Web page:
Brian Taylor, director of the Institute of Transportation Studies at UCLA Luskin, spoke with CalMatters about ways to change the habits of Californians who are reluctant to give up their cars. “If we can create environments where traveling by other means becomes easier and easier, people will drive less,” Taylor said. “The challenge is the transition.” He added that increasing housing density could help create pedestrian-friendly cities that render automobiles such a hassle that they become an undesirable accessory. CalMatters also spoke to Kevin de León, UCLA Luskin senior analyst and policymaker-in-residence, about the dual challenge of taking on the fossil fuel industry and convincing consumers to change their ways. “You are talking about persuading [millions of] individual car drivers in the largest state in the union to drive zero-emission vehicles, or take public transportation, or ride a bike, or walk, or rideshare,” de León said. “We drive internal-combustion cars in part because they are easy.”
Michael Manville, associate professor of urban planning, spoke with Curbed LA about a proposal to eliminate parking requirements for newly constructed apartment and condo buildings in downtown Los Angeles. Parking minimums have been “an unmitigated disaster,” Manville said. “Right now, it’s illegal to build for a tenant who doesn’t care if their car is in the same building with them” or who doesn’t own a car at all, he said. The requirement to include parking spots in residential buildings has been blamed for higher housing costs, the construction of unsightly garages and the exacerbation of climate change. “When you require parking, you really do encourage driving,” Manville said. Removing the parking requirement is an “absolutely necessary” step, one of many needed to help Angelenos drive less, he said.
Assistant Professor of Urban Planning Liz Koslov spoke to Vice about “managed retreat” as a strategy for coping with climate change — and perhaps creating a better quality of life. Faced with rising sea levels, some communities lobby for protection from walls and levees. Staying in place is seen as a sign of resilience, moving away a sign of surrender. Koslov noted that walling off cities could create “provinces of the wealthy” that bring about environmental and social havoc. “You could end up with these walled city-states and then everyone else is just left to fend for themselves,” she said. Managed retreat — moving populations away from an environmental threat in a carefully planned strategy — can be empowering and restorative if the people involved have a voice in the move, she said. Koslov, who has a joint appointment with UCLA’s Institute of the Environment and Sustainability, is currently working on a book based on her fieldwork on Staten Island after Hurricane Sandy.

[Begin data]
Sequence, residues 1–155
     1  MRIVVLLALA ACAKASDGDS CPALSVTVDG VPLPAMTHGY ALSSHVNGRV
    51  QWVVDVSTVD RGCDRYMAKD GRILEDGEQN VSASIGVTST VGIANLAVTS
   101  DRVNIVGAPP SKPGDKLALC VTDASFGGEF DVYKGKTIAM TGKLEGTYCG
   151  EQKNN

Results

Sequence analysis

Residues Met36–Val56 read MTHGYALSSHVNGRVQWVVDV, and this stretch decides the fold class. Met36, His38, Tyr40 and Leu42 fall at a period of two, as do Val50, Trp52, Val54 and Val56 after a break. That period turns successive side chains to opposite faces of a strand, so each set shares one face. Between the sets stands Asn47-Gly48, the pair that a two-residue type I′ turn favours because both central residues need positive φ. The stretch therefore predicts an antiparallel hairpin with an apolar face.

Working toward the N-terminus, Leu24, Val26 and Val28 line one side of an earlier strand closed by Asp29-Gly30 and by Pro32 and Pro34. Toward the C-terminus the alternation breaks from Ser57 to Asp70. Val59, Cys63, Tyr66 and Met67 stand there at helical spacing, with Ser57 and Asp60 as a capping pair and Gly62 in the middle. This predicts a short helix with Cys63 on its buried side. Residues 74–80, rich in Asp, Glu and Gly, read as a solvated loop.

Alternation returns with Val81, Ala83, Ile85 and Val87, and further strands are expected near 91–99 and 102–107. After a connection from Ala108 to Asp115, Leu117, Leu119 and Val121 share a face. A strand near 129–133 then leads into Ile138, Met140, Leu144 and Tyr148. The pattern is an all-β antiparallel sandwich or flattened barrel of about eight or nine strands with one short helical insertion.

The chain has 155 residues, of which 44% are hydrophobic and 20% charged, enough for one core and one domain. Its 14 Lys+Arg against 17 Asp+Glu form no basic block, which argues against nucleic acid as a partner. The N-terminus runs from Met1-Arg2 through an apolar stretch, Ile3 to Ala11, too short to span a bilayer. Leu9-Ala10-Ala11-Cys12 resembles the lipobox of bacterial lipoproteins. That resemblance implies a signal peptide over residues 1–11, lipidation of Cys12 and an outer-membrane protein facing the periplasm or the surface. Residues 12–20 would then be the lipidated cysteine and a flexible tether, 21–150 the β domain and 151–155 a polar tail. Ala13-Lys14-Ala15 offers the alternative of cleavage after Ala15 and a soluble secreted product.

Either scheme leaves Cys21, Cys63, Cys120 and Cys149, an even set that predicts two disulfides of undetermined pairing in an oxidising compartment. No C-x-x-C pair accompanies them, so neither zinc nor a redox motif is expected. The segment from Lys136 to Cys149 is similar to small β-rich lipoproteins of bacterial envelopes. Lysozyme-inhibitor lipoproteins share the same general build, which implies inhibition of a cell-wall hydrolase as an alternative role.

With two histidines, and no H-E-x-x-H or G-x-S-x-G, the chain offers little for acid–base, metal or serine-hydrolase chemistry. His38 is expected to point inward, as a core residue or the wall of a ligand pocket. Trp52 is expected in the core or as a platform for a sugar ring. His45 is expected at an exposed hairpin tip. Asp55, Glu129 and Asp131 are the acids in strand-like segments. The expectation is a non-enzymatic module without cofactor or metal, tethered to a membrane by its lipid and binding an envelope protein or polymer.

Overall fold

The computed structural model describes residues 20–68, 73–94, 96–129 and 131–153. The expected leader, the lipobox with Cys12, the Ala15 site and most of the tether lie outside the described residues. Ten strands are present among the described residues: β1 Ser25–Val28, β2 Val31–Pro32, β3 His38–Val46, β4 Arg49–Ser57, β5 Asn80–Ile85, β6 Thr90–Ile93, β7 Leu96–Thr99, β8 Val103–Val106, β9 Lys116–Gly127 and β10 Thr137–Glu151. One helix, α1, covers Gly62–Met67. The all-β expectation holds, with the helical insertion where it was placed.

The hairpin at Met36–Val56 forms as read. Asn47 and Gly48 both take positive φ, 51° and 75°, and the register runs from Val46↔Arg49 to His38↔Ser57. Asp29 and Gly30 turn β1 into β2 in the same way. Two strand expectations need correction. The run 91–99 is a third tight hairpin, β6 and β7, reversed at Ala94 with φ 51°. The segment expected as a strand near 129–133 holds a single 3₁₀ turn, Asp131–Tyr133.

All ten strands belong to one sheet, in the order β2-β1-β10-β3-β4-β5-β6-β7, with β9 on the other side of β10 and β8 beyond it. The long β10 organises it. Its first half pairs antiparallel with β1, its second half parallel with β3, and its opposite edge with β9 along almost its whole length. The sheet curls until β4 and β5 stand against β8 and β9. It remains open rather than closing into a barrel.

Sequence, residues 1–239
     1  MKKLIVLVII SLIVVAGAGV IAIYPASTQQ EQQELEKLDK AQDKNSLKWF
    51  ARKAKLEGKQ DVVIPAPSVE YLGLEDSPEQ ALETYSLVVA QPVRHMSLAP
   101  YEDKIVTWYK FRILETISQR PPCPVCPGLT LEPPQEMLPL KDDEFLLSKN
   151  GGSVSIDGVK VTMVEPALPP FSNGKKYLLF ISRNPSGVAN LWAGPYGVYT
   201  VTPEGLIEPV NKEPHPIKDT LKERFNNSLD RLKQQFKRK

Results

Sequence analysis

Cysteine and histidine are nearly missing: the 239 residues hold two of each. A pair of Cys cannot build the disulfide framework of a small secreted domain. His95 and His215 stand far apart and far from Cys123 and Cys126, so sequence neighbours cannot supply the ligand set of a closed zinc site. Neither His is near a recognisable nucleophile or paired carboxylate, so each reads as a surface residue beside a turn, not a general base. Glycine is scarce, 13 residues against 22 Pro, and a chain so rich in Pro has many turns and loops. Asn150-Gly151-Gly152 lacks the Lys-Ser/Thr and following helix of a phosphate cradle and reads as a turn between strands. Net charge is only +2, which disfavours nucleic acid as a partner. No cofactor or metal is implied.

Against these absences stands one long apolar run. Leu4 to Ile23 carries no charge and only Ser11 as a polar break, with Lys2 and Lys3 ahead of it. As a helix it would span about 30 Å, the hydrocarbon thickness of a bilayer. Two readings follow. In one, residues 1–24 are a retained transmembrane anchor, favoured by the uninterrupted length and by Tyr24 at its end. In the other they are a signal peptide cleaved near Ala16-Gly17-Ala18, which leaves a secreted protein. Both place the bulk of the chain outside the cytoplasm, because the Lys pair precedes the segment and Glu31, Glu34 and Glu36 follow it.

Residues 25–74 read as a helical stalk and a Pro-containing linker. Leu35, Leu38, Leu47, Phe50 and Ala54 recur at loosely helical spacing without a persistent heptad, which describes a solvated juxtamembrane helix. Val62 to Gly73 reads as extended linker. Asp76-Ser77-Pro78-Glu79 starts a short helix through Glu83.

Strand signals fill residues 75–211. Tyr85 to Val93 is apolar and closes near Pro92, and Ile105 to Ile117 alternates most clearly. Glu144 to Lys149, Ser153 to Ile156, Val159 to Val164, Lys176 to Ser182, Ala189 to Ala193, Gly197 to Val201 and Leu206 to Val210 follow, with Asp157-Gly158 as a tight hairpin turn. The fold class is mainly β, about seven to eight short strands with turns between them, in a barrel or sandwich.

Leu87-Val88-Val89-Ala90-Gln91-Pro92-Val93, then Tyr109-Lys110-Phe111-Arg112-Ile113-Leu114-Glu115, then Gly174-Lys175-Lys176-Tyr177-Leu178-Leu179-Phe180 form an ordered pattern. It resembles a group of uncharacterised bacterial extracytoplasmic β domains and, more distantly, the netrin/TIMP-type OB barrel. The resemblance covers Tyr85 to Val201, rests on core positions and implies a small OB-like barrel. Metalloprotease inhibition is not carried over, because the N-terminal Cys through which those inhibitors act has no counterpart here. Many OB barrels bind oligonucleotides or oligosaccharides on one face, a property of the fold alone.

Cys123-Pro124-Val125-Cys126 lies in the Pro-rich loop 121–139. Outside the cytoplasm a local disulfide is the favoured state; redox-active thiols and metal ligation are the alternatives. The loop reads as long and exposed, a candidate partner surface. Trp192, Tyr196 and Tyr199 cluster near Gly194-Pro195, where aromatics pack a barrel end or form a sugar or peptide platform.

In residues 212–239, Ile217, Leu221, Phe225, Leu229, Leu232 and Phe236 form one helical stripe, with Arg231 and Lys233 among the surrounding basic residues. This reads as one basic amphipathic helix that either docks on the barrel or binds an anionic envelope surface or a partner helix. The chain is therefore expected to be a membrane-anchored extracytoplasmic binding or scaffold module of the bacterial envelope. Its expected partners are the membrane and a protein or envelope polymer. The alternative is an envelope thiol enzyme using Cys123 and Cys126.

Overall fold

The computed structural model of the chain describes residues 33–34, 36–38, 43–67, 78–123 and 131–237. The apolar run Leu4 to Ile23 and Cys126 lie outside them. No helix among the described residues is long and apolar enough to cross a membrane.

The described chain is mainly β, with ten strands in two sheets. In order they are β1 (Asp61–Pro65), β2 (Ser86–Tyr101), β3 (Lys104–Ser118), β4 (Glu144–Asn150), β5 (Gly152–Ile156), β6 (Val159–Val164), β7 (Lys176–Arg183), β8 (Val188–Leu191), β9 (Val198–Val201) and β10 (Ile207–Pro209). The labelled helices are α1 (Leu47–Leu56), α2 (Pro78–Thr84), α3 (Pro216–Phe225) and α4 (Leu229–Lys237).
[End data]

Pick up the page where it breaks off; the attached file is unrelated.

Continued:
Kian Goh, assistant professor of urban planning, spoke with the Social Design Insights podcast about the impact of climate change on marginalized communities — and the influential role urban designers can play. The wide-ranging conversation touched on the vibrant grassroots movement to protect the poor from eviction in the sinking city of Jakarta, Indonesia; the worldwide influence of Dutch urban planners who draw on 800 years of expertise in dealing with flood control; and the Green New Deal, which could transform urban design with a large-scale U.S. commitment to environmental justice. Planning schools can prepare their students for the coming challenges by stressing that designers must understand the communities they serve. “We do talk in design schools about how to do good, for instance, and to think about marginalized and poor communities and how to help them. But not about the structural, social and political issues that they actually confront,” she said.
Madison Hayes presents research into sexually exploited youth, completed as part of Social Welfare's capstone requirement. Photo by Les Dunseith
By Stan Paul
Newly graduated Social Welfare master’s degree recipient Deshika Perera’s research project extended across the United States and as far north as Alaska.
Evan Kreuger helped create a nationwide database as a basis for his research into LGBT health and health outcomes to culminate his Master of Social Welfare (MSW) studies at the UCLA Luskin School of Public Affairs.
Perera and Kreuger are members of the first graduating class of Social Welfare students to complete a capstone research project as a graduation requirement for their MSW degrees. Like their UCLA Luskin counterparts in Urban Planning and Public Policy who must also complete capstones, working individually and in groups to complete research and analysis projects that hone their skills while studying important social issues on behalf of government agencies, nonprofit groups and other clients with a public service focus.
“It’s been fun; it’s been interesting,” said Perera, who worked with Associate Professor Ian Holloway. Her qualitative study examined the relationship between the Violence Against Women Act and nonprofits, focusing on programs that provide services to indigenous survivors of sexual assault and domestic violence on reservations and in remote areas of the U.S.
As a member of the pioneering class for the MSW capstone, Perera said that although the new requirement was rigorous, she enjoyed the flexibility of the program.
“I feel we got to express our own creativity and had more freedom because it was loosely structured,” Perera said, explaining that she and her fellow students got to provide input on their projects and the capstone process. The development of the requirement went both ways. “Because it was new, [faculty] were asking us a lot of questions,” Perera said.